It was shaping up to be another bloodbathed session, with the futures down 10 points around the time Shanghai started crashing for the second night in a row, and threatening to take out key SPX support levels, when the previously noted rumor of an imminent PBOC liquidity injection appeared ex machina and sent the Shanghai composite soaring by 5% to barely unchanged, but more importantly for the all important US wealth effect, the Emini moved nearly 20 points higher from the overnight lows triggering momentum ignition algos that had no idea why they are buying only knowing others are buying. The rumor was promptly squashed when the PBOC did indeed take the mic, but contrary to expectations, announced that liquidity was quite "ample" and no new measures were forthcoming. However, by then the upward momentum was all that mattered and the fact that the underlying catalyst was a lie, was promptly forgotten. End result: futures now at the highs for absolutely no reason.
That this rumor emerged just as Korea’s President Park asked ministers to "help stabilize financial markets", is probably a simple coincidence. Elsewhere, in Europe, both Spain and Italy sold short-term debt, however at soaring rates. Spain sold 3 and 9 month bills (EUR3 billion in total), at an average yield of 0.869% and 1.441%. The last time these came to market a month ago, they yielded 0.331% and 0.789%. Sorry Spanish pension fund. Meanwhile in Italy, the Zero Coupon two year bond sold at 2.403%, over double the yield from May 28 when the same issue priced at a tiny 1.113%. So much for the carry trade.
Today's economic calendar is quite full with durable goods orders, FHFA/Case-Shiller house prices, new home sales and
the Conference board’s consumer confidence survey, however now that good economic news is once again bad news for the market, the bulls will be praying for wild, major misses in all categories. More importantly, there is a 2yr US
note auction scheduled today which will show how the most recent repricing of the bond market has impacted short rates. Speaking of which, at least for now the bond market fireworks seen yesterday are missing, and following last night's words of caution by Dick Fisher to the "feral hogs" aka indiscriminate bond sellers, the 10 Year is trading higher at a "stable" 2.52%
DB's Jim Reid recaps what the overnight session looked like, at least until the arrival of the Chinese hence rejected rumor.
The rocky start to the week for markets looks set to continue today. Indeed, after initially seeing some stability in early trading (probably helped by the rally in US treasuries late yesterday), Asian stocks are once again trading lower across the board led by a 4% drop in the Shanghai Composite. In terms of Chinese banks, there has been little to report in the past 24 hours following the PBoC’s statement yesterday but domestic news agency Caixin did write that liquidity in Chinese banks is expected to ease this week and that excess reserve levels will increase into the month-end, citing an unidentified PBoC official. Sentiment in Chinese banks remains soft though, with interbank funding rates still at elevated levels and relatively unchanged on yesterday's fixes. Falls in Chinese stocks are being led by domestic brokers (-7.8%), natural resources (-5%) and insurance (-5%) while Chinese banks are down about 2%. Elsewhere in Asia, the Hang Seng (-1.4%), KOSPI (-1%) and ASX200 (-0.3%) have reversed earlier gains and S&P futures are trading 4pts lower (-0.25%) as we type. We’re also seeing a fairly sharp intraday turnaround in Asian credit with the IG index initially trading 9bp tighter, before gapping out to trade unchanged on the day as we go to print.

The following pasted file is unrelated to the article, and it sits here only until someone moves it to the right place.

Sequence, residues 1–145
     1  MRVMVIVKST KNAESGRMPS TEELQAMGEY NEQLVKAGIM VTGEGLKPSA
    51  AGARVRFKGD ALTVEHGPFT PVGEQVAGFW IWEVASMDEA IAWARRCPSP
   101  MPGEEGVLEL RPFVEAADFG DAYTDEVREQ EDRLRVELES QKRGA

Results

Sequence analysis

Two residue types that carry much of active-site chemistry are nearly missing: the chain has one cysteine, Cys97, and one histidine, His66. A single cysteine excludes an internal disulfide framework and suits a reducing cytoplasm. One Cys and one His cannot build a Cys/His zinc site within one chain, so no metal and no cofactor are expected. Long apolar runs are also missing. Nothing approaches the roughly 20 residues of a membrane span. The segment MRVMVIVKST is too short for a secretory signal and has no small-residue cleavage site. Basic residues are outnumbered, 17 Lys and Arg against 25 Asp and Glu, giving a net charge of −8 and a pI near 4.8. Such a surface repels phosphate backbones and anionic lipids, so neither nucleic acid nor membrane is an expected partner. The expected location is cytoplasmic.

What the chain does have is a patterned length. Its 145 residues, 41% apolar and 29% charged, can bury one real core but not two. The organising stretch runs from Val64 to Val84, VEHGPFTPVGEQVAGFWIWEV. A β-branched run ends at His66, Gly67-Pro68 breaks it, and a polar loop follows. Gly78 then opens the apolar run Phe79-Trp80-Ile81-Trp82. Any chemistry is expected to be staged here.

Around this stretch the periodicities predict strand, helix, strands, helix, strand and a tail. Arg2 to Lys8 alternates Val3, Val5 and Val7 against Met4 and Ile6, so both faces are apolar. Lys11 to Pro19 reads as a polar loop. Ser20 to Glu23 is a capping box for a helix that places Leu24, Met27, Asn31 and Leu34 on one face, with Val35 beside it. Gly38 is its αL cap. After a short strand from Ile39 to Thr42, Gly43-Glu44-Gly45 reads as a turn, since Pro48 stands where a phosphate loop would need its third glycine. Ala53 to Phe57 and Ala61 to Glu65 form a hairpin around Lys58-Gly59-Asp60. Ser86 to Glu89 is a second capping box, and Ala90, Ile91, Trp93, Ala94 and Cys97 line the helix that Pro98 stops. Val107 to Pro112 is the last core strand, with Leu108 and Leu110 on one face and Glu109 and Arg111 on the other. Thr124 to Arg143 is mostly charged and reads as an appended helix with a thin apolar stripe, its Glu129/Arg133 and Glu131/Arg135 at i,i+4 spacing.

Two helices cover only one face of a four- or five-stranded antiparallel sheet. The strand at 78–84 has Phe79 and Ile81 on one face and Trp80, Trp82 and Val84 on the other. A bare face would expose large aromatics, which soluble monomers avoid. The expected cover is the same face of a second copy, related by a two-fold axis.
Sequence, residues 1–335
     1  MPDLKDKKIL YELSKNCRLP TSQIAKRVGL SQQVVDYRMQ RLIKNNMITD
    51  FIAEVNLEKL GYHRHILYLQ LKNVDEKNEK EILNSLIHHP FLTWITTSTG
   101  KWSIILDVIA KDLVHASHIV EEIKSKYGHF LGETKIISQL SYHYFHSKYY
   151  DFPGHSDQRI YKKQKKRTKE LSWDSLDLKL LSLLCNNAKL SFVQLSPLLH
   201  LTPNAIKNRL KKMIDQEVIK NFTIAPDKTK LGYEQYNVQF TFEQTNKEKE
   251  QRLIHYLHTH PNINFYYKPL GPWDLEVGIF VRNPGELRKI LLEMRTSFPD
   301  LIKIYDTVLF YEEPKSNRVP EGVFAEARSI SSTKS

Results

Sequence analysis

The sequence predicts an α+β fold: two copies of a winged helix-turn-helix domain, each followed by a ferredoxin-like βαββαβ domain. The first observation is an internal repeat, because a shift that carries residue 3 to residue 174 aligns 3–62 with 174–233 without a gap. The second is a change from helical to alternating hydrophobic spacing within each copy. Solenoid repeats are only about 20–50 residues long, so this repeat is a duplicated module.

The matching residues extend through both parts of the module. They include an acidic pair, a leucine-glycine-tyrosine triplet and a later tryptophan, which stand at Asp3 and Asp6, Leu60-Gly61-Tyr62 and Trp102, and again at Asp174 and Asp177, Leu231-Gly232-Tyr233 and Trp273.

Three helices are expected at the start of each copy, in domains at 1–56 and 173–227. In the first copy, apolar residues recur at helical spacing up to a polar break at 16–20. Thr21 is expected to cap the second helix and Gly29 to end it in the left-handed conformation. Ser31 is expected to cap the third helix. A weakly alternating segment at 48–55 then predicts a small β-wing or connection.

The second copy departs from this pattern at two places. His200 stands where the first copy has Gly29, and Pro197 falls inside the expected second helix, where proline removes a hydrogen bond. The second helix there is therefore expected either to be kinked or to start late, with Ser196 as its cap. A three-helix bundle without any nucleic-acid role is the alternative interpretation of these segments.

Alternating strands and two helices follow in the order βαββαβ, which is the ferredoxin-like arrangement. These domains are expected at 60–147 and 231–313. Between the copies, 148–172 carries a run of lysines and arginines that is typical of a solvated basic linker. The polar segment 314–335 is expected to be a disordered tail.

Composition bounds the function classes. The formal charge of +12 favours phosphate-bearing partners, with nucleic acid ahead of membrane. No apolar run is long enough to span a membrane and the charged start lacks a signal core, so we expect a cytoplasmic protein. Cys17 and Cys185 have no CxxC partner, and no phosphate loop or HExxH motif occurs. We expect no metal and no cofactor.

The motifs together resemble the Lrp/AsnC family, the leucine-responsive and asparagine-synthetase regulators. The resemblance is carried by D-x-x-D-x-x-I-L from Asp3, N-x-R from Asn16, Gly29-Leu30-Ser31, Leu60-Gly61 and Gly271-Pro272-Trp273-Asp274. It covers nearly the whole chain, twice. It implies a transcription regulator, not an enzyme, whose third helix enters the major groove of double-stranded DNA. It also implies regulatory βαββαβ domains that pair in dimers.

In Japan, the Nikkei (-2%) is also seeing losses despite some seemingly dovish comments from the deputy governor of the BoJ yesterday. Kikuo Iwata said that the BoJ still has policy options and remains ready to act if price expectations experience long-term declines. He balanced out the comments by saying that central bank will not be reacting to short term market movements, particularly because it has not harmed the real economy. He also said that if the central bank were to boost asset purchases in the future he would favour government bonds over risky assets, given the large size of the JGB market. Dollar yen is 0.2% lower this morning at 97.6 and 10yr JGB yields are at 0.87%.
While we’re on the subject of yields, its worth reiterating our comments last week about how important US yields are when most of the world is still levering (in other words, issuing more debt relative to economic activity) and hasn't started the deleveraging process yet. From a markets standpoint, the problem we face is that the US tends to set the price of debt everywhere. Indeed treasury yields tend to be the first building block for the price of all assets globally and any increase in yields will likely expose some of the weaker entities. Most of the recent focus has been on EM but Europe's periphery are also being negatively impacted by the Fed.